“What I have vowed I will make good.
I will say, ‘Salvation comes from the Lord.'”
And the Lord commanded the fish, and it vomited Jonah onto dry land.Jonah 2:9b-10
And here we arrive at the point that the children’s bibles are always leading: Jonah leaving the fish for dry land and “making good” what he has “vowed”. Yet there’s something quite curious about this moment in the story that we miss when we know it too well: the juxtaposition of salvation and vomit. It sounds sacrilegious, but there it is in the Bible. Jonah declares that salvation comes from the Lord, and then God commands the fish to vomit him up. If anything, in this moment of scripture vomit is the way in which salvation occurs: God saves Jonah from death inside the fish by being vomited up.
The fact that we might be squeamish at the idea, that discussions of vomit do not fit neatly inside our theology, says two things. First, it shows that we are uncomfortable with our own bodies, a fact that points both to the vomit-free glory that we instinctively feel we deserve. If our bodies as they are, inclined towards all kinds of abject and unpleasant fluids and the like, are all that humanity has ever or will ever know, then our discomfort seems odd. I have Philip Yancey and C.S. Lewis to thank for pointing this out to me. But secondly it also shows that we really don’t understand just how physical and visceral God’s saving work for us is. God gets down in the mud to make Adam. God breaths into Adam’s nostrils. God walks in the garden to find Adam naked and ashamed. God enters a womb and spends nine months drinking amnioitic fluid and kicking against his mother’s stomach before entering the world kicking, screaming, covered in blood and vernix. God spends thirty-three years as a man, experiencing all the glories and indignities that this entails, including the particularly awkward teenage years. And then God is nailed onto a cross, with scars that He still bears into eternity, has to heave Himself up and down, up and down, for hours in the body’s desperate bid to keep breathing, and then, as He dies, a soldier stabs Him in the side and blood and water flow from Him out onto the ground. The story of scripture is physical, earthy and messy. So yes, vomit and salvation go together, because God is not afraid of our mess.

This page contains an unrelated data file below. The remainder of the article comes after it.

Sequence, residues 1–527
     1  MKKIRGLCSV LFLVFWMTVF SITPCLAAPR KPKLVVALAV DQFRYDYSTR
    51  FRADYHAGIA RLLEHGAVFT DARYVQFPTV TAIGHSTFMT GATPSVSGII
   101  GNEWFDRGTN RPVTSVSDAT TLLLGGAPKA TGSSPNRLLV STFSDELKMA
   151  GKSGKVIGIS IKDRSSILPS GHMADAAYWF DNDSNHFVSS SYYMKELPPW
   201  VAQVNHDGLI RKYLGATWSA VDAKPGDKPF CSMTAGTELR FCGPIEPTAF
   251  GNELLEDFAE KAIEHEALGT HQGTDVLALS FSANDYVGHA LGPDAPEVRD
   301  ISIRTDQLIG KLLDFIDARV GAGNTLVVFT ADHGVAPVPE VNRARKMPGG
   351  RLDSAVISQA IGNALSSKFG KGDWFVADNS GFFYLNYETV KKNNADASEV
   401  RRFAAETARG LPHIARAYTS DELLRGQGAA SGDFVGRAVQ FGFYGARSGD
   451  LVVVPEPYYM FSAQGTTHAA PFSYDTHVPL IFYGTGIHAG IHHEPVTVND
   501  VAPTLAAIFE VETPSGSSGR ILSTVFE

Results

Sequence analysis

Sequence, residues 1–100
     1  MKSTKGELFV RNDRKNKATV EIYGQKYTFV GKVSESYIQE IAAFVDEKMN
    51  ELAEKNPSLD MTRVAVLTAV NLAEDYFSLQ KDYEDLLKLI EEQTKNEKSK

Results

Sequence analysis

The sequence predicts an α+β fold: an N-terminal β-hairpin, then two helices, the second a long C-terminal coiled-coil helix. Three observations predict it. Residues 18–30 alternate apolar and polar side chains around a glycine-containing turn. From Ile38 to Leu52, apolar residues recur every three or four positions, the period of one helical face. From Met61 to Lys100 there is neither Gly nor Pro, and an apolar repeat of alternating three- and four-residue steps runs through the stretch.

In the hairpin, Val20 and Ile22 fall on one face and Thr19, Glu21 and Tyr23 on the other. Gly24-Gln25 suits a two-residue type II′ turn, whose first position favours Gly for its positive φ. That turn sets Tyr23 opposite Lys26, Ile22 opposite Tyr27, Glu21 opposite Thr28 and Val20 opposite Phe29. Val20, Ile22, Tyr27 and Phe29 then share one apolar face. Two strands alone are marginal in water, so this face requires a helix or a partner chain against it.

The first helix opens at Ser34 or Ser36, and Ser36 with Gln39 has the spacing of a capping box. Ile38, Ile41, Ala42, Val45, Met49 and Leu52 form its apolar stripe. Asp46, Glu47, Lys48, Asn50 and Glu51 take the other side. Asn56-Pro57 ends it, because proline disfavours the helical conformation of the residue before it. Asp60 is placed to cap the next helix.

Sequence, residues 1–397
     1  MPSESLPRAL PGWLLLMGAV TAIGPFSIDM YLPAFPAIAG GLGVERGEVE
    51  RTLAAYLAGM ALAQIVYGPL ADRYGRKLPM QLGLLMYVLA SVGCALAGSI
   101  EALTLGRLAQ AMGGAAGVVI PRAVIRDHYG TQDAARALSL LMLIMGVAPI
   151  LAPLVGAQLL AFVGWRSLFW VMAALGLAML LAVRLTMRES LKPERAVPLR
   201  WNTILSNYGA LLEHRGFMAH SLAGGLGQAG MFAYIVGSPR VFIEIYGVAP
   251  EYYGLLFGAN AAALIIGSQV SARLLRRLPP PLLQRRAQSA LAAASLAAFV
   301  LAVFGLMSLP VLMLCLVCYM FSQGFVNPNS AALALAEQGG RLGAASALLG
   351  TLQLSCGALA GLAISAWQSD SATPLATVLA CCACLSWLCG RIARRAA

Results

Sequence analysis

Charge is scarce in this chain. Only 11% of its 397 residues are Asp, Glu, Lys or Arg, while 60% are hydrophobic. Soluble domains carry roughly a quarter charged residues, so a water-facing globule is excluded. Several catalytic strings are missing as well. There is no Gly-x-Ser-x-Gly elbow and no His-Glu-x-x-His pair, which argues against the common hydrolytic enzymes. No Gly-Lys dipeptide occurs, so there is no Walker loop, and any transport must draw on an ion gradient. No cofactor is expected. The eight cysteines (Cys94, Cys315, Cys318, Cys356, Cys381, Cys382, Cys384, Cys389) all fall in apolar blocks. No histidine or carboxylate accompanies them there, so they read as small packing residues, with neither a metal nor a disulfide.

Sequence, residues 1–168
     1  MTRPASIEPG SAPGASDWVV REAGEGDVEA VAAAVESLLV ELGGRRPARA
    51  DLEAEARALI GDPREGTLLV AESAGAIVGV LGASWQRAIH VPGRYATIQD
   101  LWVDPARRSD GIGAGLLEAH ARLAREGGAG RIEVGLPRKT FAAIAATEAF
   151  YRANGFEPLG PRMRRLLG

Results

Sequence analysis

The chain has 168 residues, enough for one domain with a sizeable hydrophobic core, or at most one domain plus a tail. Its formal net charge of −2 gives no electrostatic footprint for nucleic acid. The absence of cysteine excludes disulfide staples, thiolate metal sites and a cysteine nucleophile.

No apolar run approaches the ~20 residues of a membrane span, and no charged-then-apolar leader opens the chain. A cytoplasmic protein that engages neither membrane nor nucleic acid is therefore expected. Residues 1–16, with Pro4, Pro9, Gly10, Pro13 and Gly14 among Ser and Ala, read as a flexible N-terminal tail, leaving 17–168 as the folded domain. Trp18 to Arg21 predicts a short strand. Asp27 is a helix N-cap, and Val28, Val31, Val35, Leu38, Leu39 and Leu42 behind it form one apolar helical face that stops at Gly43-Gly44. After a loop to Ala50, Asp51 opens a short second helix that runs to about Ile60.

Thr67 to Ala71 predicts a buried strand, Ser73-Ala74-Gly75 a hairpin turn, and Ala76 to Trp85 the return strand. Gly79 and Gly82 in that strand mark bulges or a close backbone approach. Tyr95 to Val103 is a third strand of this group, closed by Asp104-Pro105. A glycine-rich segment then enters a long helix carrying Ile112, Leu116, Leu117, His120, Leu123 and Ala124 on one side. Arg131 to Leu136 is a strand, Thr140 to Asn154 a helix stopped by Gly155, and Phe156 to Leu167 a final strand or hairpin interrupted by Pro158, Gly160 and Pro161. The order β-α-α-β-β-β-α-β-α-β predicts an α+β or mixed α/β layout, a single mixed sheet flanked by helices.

But there’s another curious thing about this verse and a half that relates again to this word “vomit”. The Hebrew word qow is used only a handful of times in the Old Testament, unsurprisingly. Most of the times that it is used, it’s metaphorical: a figure of speech to describe land rejecting people from its midst. These three uses from Leviticus will show you what I mean:
Even the land was defiled; so I punished it for its sin, and the land vomited out its inhabitants. (Lev 18:25)
And if you defile the land, it will vomit you out as it vomited out the nations that were before you. (Lev 18:28)
Keep all my decrees and laws and follow them, so that the land where I am bringing you to live may not vomit you out. (Lev 20:22)
In these three verses we see a story of God rejecting the people who lived in the land before Israel because of their sins, and the warning that He will do the same if they fail to follow His commands. And the image that God uses here is of the land vomiting out the people.
Well, here Jonah – a prophet of Israel – is vomited out, not as rejection, but as salvation. Jonah disobeyed God, but he has returned to Him and so the fish vomits Jonah out onto land – but significantly, not onto Israel’s land, but onto land near Nineveh, the capital city of his worst enemies. Salvation belongs to the Lord, and He chooses whom to save and how.
Yet this fact is as uncomfortable for us as reading about vomit: we do not want to confront what it means for salvation to be entirely on God’s terms, not ours. And Jonah, sad to say, still doesn’t get it, as he washes the fish vomit from his clothes and sets foot once more on dry land, determined now to do the right thing.